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I have a Delphi application, which sends piece of text to a named pipe via call

SendMessageToNamedPipe(hPipe, CurMsg);

It works fine for some messages, but sending other texts leads to a crash of the application.

The only difference between normal and "crashing" messages I'm aware of is that the crashing messages contain lots of Cyrillic characters.

How should I encode them in order for the aforementioned call to be executed properly?

Update 1: Here's the implementation of SendMessageToNamedPipe.

procedure SendMessageToNamedPipe(hPipe:THandle; msg:string);
  const
    OUT_BUF_SIZE = 100;
  var
    dwWrite : DWORD;
    lpNumberOfBytesWritten : LongBool;
    utf8String : RawByteString;
    sendBuf: array[0..OUT_BUF_SIZE] of WideChar;
  begin
    utf8String := UTF8Encode(msg);

    sendBuf[0] := #0;
    lstrcatw(sendBuf, PChar(msg));

    lpNumberOfBytesWritten := WriteFile(hPipe, sendBuf, OUT_BUF_SIZE, dwWrite, NIL);

    if not lpNumberOfBytesWritten then
    begin
      OutputDebugString(PChar('Sending error: ' + SysErrorMessage(GetLastError)));
    end
    else
    begin
      OutputDebugString(PChar('Message sent, dwWrite: ' + IntToStr(dwWrite)));
    end;
  end;

Update 2: Version of the function, which seems to work.

procedure SendMessageToNamedPipe(hPipe:THandle; msg:string);
const
    OUT_BUF_SIZE = 200;
var
  dwWrite : DWORD;
  Success : LongBool;
  msgToSend : PChar;
  utf8String : RawByteString;
  sendBuf: array[0..OUT_BUF_SIZE-1] of WideChar;
  AnsiCharString : PAnsiChar;
begin
    OutputDebugString(PChar('SendMessageToNamedPipe.Length(msg): ' +     IntToStr(Length(msg))));
    OutputDebugString(PChar('Sending message: ' + msg));

    utf8String := UTF8Encode(msg);

    sendBuf[0] := #0;
    lstrcatw(sendBuf, PChar(msg));

    Success := WriteFile(hPipe, sendBuf, Length(sendbuf), dwWrite, NIL);

    if not Success then
    begin
      OutputDebugString(PChar('Sending error: ' + SysErrorMessage(GetLastError)));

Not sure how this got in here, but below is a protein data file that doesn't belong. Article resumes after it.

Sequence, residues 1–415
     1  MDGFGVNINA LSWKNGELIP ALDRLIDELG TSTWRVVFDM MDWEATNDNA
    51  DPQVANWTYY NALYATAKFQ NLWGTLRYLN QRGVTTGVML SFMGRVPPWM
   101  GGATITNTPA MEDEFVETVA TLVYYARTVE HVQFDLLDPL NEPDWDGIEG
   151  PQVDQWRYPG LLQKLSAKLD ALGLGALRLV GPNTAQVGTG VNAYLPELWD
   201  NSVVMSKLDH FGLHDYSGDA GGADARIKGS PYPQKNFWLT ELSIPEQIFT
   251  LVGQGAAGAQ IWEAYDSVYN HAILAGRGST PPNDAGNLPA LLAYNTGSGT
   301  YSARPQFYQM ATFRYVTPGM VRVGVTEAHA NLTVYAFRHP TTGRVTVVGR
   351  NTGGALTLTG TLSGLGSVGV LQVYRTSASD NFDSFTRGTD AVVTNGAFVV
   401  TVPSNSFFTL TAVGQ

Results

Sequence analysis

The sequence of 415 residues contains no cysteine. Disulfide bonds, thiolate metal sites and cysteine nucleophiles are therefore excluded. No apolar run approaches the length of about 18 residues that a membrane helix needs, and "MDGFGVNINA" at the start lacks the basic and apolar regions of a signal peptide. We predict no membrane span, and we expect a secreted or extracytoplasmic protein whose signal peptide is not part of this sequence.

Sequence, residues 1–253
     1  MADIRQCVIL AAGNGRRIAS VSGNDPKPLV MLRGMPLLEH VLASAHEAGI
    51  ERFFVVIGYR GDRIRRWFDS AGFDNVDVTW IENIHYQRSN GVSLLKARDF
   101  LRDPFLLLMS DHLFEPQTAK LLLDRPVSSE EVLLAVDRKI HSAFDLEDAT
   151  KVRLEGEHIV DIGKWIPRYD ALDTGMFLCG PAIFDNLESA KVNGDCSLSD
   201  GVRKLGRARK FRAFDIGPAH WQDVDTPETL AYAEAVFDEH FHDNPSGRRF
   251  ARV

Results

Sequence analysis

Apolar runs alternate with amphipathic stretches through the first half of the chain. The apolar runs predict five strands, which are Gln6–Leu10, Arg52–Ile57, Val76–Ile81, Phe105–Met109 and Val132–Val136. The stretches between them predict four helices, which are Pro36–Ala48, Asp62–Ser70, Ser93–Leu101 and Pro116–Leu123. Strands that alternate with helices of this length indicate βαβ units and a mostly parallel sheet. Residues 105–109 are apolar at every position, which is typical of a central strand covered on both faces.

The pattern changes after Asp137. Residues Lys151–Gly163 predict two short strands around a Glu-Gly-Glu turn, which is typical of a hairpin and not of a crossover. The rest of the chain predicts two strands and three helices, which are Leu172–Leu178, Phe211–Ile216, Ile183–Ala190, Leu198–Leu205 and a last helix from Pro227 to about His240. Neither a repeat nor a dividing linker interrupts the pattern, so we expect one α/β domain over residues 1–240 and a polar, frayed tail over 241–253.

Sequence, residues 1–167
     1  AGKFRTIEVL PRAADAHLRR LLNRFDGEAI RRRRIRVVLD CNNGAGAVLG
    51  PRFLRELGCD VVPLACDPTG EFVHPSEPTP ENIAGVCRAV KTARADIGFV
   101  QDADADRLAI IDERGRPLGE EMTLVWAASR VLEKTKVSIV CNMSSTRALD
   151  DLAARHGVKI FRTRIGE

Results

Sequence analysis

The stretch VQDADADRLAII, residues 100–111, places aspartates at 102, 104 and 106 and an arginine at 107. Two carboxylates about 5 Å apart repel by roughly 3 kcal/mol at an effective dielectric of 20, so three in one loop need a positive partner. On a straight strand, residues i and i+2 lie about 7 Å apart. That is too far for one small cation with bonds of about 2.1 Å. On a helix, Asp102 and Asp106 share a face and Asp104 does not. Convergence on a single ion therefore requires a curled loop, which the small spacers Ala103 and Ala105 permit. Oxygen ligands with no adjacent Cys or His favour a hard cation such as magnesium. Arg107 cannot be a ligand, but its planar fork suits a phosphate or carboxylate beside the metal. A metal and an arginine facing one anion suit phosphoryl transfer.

end
    else
    begin
      OutputDebugString(PChar('Message sent, dwWrite: ' + IntToStr(dwWrite)));
    end;
end;
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2  
Why do you UTF-8 encode and then stick in a UTF-16 buffer? Why do you even bother with a buffer. Just send PAnsiChar(utf8string) –  David Heffernan Nov 1 '12 at 17:26
    
I tried AnsiString := PAnsiChar(utf8String); lpNumberOfBytesWritten := WriteFile(hPipe, AnsiString, Length(AnsiString), dwWrite, NIL); and got the same result. –  Dmitri Pisarenko Nov 2 '12 at 6:55
    
Succeeded := WriteFile(hPipe, PAnsiChar(utf8string), Length(utf8string)+1, dwBytesWritten, nil); –  David Heffernan Nov 2 '12 at 8:11
    
Assuming that you want to send the null terminator. How does reader know how much to read? Why won't you tell us what the error message is? "Crash of the application" is pretty useless for us. –  David Heffernan Nov 2 '12 at 8:13
1  
Are you sure it is not the receiving application that is crashing (perhaps because it cannot properly interpret the data it reads from the pipe)? Just thought I'd ask because I've known people to get confused over this sort of thing in the past. –  Ian Goldby Nov 2 '12 at 8:26
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1 Answer 1

up vote 6 down vote accepted

Since the Windows pipe functions see the data written to the pipe as a binary stream it is not plausible that the type of data being written could cause a crash.

But SendMessageToNamedPipe is neither a Delphi library function nor a Windows API call. I think you need to look at what SendMessageToNamedPipe is doing, since that is almost certainly where the bug is. You might like to ask questions such as: what is the data type of CurMsg? How does SendMessageToNamedPipe calculate how many bytes to write to the pipe?